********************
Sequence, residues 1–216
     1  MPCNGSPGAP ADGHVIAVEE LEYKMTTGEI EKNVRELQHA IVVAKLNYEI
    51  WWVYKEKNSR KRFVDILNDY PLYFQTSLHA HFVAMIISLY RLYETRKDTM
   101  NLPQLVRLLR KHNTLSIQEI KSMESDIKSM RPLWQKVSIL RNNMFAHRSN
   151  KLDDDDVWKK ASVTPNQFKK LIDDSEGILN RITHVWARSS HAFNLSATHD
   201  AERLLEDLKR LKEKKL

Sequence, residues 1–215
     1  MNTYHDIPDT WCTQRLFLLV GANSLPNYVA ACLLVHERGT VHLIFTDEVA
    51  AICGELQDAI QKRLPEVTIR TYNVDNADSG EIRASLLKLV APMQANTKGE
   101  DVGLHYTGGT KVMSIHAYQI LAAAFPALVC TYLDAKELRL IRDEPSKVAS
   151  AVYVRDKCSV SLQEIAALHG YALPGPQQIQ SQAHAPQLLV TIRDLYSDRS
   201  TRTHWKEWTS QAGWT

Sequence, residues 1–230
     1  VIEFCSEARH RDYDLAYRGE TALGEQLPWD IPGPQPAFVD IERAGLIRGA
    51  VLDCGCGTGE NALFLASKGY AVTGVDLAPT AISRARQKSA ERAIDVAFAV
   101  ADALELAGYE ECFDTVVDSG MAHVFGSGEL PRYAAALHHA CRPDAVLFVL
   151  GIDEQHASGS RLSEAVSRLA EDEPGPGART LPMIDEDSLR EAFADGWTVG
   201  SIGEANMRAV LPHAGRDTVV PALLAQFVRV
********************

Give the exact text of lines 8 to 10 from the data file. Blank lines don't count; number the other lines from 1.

     1  MNTYHDIPDT WCTQRLFLLV GANSLPNYVA ACLLVHERGT VHLIFTDEVA
    51  AICGELQDAI QKRLPEVTIR TYNVDNADSG EIRASLLKLV APMQANTKGE
   101  DVGLHYTGGT KVMSIHAYQI LAAAFPALVC TYLDAKELRL IRDEPSKVAS